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1. R. Krauss, The Optical Unconscious, London/Cambridge 1996, p.95.
2. F. Kiesler, Design Correlation in: »Architectural Record« May 1937, pp.53-60.
3. For more information about Vision Machines see Y. Safran, »L´angle de l´œil« in: Frederick Kiesler. Artiste Architecte, Paris 1996 and D. Bogner »Frederick Kiesler et la Vision Machine« in: Vision Machines, Nantes 2000.
4. For more information on the gallery Art of This Century see E. Kraus; V. Sonzogni a.o., Friedrich Kiesler: Art of This Century, Ostfildern 2002.
5. In the 1950s no more trace of communication between them can be followed, not even through Kiesler´s wife Steffi, also a good friend of Duchamp. A reason for the end of their friendship could have been the so-called »Affaire Matta« which involved several surrealist artists following Gorky´s death in 1948.
6. The manuscript is composed of five pages numbered later by Lillian Kiesler. Lillian gave it a title pertaining to the possibility that those papers could contain some notes written by Kiesler during an interview with Duchamp.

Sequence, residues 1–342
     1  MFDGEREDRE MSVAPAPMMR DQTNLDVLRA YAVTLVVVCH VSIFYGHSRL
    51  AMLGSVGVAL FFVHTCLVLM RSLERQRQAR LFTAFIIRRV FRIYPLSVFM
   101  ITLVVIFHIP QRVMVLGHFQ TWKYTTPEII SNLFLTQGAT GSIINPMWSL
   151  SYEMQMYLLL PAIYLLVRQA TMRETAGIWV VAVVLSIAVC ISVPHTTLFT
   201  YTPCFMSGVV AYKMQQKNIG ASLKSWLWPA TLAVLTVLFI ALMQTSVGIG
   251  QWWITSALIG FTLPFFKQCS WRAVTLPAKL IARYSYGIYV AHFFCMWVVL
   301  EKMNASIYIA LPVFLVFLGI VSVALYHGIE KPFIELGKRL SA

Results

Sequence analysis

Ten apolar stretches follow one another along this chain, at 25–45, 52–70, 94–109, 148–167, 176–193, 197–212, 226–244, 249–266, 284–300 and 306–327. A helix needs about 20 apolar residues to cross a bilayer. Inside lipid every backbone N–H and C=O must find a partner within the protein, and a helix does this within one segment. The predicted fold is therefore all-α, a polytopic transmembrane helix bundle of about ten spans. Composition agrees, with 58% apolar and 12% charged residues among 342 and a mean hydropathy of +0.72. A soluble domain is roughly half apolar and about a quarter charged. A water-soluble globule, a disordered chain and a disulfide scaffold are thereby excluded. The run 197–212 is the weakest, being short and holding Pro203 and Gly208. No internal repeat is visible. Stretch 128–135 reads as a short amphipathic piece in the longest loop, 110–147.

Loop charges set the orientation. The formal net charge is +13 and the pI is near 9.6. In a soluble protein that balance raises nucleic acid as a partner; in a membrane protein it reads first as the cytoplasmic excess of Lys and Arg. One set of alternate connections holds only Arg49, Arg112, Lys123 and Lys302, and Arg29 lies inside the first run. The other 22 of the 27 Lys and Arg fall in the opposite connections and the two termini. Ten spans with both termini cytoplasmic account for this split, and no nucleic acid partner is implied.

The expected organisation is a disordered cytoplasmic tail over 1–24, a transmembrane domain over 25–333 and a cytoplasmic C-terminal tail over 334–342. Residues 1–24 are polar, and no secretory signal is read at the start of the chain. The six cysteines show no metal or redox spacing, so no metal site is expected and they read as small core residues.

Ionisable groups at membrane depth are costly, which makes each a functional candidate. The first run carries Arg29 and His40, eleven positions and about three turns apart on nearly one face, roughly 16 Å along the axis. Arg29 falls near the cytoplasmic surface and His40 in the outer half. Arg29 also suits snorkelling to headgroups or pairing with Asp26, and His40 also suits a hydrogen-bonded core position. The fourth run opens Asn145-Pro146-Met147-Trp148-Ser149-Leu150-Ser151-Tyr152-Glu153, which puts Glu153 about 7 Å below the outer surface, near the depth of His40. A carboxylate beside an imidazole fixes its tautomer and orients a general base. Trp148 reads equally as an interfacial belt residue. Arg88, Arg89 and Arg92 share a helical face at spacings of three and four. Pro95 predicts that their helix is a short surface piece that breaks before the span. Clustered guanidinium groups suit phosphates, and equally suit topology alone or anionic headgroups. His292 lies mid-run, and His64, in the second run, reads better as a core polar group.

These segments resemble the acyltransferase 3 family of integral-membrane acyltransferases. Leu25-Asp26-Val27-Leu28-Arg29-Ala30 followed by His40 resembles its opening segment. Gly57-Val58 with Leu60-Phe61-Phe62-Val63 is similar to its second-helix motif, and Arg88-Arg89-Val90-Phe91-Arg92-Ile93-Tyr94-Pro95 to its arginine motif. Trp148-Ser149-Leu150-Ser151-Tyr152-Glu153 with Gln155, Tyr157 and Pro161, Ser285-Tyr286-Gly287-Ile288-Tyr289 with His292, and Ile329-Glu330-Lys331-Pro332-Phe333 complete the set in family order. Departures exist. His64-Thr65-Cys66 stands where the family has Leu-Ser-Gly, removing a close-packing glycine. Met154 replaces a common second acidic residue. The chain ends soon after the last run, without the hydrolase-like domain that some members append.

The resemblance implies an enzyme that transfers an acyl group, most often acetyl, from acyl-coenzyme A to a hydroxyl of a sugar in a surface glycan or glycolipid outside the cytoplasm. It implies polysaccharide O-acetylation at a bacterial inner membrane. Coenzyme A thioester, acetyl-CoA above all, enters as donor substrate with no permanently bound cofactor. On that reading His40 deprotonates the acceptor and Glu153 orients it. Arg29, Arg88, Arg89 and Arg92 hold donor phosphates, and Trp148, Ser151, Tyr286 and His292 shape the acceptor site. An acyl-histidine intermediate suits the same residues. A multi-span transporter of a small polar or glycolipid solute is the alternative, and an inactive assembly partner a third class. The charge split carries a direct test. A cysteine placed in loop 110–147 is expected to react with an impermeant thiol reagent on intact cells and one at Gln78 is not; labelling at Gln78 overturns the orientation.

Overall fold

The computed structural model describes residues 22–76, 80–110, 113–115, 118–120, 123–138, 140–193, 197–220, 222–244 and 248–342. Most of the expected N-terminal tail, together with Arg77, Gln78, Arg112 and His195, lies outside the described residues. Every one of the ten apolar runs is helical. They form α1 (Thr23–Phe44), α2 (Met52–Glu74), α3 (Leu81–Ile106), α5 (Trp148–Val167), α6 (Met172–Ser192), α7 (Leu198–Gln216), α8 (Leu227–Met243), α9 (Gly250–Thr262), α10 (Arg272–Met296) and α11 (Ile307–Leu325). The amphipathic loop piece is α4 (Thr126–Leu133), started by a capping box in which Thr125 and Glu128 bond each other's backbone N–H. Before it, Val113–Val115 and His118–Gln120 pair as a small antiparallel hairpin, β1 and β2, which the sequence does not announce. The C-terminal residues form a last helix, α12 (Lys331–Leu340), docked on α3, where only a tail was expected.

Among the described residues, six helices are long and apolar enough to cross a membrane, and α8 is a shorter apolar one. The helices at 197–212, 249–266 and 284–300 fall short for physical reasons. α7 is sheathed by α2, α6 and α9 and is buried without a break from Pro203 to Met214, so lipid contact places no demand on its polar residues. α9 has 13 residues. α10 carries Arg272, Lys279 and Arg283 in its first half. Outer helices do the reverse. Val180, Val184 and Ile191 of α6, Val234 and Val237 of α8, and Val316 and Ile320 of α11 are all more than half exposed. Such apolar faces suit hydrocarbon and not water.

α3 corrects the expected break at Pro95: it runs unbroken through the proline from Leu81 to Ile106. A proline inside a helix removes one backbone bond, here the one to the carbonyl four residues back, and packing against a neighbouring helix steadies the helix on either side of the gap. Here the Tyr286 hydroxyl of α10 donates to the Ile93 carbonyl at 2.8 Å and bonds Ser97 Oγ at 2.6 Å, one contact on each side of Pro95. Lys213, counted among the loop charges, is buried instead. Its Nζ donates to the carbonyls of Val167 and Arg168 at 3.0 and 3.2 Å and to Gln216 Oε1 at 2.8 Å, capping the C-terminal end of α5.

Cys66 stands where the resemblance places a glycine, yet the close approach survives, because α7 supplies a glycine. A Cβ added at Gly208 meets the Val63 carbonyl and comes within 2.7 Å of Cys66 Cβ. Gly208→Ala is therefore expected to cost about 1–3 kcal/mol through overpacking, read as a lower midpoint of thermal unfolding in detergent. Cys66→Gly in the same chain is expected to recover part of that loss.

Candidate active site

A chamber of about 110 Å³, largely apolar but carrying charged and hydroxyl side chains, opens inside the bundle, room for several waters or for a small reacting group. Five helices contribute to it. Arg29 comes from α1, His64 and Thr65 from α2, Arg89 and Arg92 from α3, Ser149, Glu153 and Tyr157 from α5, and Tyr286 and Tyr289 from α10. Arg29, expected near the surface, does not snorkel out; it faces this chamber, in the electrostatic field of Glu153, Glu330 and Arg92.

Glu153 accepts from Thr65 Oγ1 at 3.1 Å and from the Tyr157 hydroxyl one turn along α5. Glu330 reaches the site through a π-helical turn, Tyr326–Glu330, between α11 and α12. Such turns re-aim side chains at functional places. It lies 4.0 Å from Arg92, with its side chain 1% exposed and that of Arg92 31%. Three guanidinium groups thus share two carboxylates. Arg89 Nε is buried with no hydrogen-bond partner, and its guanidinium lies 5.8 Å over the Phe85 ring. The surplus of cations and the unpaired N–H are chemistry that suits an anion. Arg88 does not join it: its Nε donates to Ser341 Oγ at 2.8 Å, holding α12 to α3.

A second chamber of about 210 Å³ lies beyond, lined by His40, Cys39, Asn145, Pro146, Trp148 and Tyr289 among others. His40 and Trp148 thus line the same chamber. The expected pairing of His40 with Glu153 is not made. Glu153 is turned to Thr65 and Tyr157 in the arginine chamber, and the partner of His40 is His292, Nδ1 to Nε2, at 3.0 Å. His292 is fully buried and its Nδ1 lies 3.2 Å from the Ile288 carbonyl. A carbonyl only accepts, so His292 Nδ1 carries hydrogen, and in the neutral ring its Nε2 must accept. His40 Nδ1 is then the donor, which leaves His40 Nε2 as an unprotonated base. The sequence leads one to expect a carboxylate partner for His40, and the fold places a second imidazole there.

7. J. Gough-Cooper and J. Caumont, »Kiesler und Die Braut von ihren Junggesellen nackt entlößt, sogar« in: D. Bogner a.o., Friedrich Kiesler 1890-1965, Wien 1988, pp.287-296.
8. »Kiesler schrieb mehrere undatierte Seiten über das Große Glass, auf die er auch einige interessante biographische Notizen kritzelte, Informationen über Duchamp, die er zweifellos schon in der Zeit vor der Veröffentlichung inView gesammelt hatte.« (»Kiesler wrote several undated pages on the subject of the Large Glass onto which he also scribbled some interesting biographical information on Duchamp, no doubt collected prior to the publication in View«) J .Gough-Cooper and J. Caumont, ibid. p.293.
9. Kiesler used a photomontage technique in combination with double exposure of the film in order to achieve, in a sort of ghostly effect, a vision of the Large Glass superimposed to a wall of Duchamp´s studio.
10. See the notes to the triptych in View (ed. Charles Henri Ford), vol. 5, no. 1, March 1945 (Marcel Duchamp number).
Figs. 1, 3, 5-6
©2003 Succession Marcel Duchamp, ARS, N.Y./ADAGP, Paris. All rights reserved.